I went to see Rogue One: A Star Wars Story yesterday. I enjoyed it; it was a solid outing in the newly-rejuvenated franchise, and one that shifted focus somewhat.
Instead of the clearer-cut good-versus-evil conflicts of the earlier films, Rogue One gives us a morally grey band of rebels; although they evolve into more straight-laced heroes by the story’s end, they have to make some pretty big sacrifices along the way. I will say no more lest I tread in spoiler territory.
Something else stuck out for me about the movie. Out of all the Star Wars films, Rogue One is the movie that works least well as a space opera.
The film downplays a number of the more colourful aspects of the franchise. None of the new characters will be as memorable as Luke, Han or Finn; none of the new alien and robot designs will reach the iconic status of Yoda or BB-8. The element of supernatural fantasy – so integral to earlier Star Wars films – is largely absent in Rogue One, with the Force being reserved for a few token scenes that could have been removed without a dent to the narrative. The most-discussed special effect is a CGI recreation of Peter Cushing.
The spectacles of spaceship battles and mass destruction on an interplanetary scale are noticeably less spectacular. By and large they re-use imagery from previous instalments, but in deliberately muted form. A fine example of this is the obligatory show of the Death Star’s power, which obliterates a major city as a warm-up for Alderaan; but instead of making the obvious decision to focus on the destruction, the film intercuts the moment of impact with a dialogue scene. The true spectacle occurs immediately afterwards, when we follow the characters dealing with the resulting aftershocks. Rogue One is, above all, a film interested in people caught up in chaos, rather than the broad strokes of exploding planets.
The climax to Rogue One shows a ground battle against a forest of palm trees, imagery which recalls the Vietnam War. Intercutting with this is a space battle between X-Wings and TIE Fighters, directly based upon the climax to the original film – which was famously inspired by The Dam Busters.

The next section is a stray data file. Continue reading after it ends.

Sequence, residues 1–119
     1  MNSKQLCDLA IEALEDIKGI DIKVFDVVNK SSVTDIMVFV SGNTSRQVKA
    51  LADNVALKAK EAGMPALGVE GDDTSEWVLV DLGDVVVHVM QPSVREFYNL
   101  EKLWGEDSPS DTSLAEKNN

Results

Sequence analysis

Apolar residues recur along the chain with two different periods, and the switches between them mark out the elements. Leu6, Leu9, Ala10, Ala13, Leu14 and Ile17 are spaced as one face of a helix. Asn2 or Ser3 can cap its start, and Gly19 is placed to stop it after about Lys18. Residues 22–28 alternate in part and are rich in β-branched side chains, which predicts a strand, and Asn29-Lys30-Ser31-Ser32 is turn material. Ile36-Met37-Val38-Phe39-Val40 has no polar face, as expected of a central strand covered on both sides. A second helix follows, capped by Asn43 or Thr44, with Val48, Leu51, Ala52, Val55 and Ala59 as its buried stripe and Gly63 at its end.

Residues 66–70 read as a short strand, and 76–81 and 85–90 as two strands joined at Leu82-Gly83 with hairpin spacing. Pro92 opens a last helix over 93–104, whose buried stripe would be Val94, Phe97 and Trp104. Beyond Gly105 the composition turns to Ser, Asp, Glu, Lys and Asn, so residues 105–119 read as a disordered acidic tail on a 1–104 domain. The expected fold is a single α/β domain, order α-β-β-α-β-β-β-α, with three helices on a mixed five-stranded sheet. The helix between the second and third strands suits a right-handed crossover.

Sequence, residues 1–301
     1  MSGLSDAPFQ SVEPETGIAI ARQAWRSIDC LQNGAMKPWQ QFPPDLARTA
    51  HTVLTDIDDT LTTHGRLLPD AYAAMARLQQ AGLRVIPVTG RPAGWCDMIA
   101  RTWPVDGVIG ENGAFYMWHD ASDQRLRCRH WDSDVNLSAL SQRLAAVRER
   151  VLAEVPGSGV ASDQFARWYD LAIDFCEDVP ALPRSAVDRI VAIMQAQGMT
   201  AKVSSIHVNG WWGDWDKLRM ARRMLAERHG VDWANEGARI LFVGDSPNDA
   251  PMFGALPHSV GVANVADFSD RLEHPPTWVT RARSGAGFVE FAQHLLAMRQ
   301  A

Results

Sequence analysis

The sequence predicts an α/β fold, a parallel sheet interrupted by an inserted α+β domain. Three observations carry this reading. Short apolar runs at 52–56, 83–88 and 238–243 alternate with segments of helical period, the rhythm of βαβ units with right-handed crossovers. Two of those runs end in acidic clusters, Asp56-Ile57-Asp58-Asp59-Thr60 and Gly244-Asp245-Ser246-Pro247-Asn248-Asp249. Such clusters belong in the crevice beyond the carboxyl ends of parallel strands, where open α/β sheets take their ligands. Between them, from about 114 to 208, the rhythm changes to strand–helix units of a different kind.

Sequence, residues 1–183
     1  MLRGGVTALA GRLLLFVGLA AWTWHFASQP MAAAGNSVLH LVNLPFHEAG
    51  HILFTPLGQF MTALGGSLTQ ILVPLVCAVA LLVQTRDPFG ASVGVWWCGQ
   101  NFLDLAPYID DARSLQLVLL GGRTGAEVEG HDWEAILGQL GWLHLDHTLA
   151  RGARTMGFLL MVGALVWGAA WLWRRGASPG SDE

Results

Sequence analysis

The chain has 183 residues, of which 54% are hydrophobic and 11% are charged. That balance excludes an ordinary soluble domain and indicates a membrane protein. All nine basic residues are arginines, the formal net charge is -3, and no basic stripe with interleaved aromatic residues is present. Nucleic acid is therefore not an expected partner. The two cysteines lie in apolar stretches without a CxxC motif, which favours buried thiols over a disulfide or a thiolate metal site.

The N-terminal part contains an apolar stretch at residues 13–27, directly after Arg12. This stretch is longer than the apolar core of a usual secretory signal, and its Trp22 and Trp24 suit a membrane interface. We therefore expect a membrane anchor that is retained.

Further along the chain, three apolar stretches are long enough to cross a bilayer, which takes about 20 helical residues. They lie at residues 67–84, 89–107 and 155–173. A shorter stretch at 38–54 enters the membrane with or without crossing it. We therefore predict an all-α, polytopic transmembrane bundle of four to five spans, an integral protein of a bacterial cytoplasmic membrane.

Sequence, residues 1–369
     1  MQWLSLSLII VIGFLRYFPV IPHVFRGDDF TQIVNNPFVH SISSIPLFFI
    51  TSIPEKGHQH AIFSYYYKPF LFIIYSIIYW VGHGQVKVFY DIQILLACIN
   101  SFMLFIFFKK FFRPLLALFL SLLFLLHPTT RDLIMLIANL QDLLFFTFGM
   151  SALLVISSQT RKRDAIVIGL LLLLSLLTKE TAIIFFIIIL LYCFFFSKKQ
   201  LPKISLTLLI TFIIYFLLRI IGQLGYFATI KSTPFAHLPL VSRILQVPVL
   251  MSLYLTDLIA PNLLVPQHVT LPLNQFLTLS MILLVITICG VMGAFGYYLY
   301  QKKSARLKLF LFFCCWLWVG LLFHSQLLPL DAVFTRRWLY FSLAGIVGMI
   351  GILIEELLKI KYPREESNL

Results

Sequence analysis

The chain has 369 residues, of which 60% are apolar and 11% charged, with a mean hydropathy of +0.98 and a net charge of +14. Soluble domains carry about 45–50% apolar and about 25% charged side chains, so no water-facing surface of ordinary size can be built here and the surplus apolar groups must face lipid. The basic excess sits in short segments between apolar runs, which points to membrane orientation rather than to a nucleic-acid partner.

The contrast is stark. World War II air battles are arguably the most romanticised area of twentieth-century warfare (this is certainly true here in Britain; I would be interested to hear if it is so elsewhere in the world). Vietnam, on the other hand, is Hollywood’s byword for the horrors of war.
It is no secret that the universe of Star Wars is an assortment of settings from other films, given united by a veneer of technofantasy: our Jedi chums have taken their lightsabers to feudal Japan, the Wild West and – in the Clone Wars animated series – 1920s Chicago. But now that Hollywood ‘Nam has been added to the Star Wars almanac, the franchise has moved beyond recreating movies that George Lucas thought were cool when he was a kid, and is now emulating films that were specifically intended to reflect the horrors of war in gritty realism.
This is very different to the earlier Star Wars films, where the dominant symbol of evil was a black-cloaked wizard. The Force Awakens, and to a lesser extent the original film, drew upon Nazi Germany in portraying the evil Empire, but restricted themselves to the iconography of the Nazi regime rather than the atrocities that it committed. Rogue One is the first Star Wars film to consciously dial down the romanticism and fantasy sparkle and try to portray the brutality of war in more honest (if still Hollywoodised) terms.
But as I watched the Vietnam troops fire their laser guns across the screen of my local Odeon, I felt that a major ingredient of space opera had gone missing somewhere. I found myself asking exactly what the story of Rogue One gained from being set in space, as opposed to a real-world conflict. I could provide only one answer: the audience knows full well that, no matter how grim things get in this particular movie, Star Wars ultimately has a happy ending.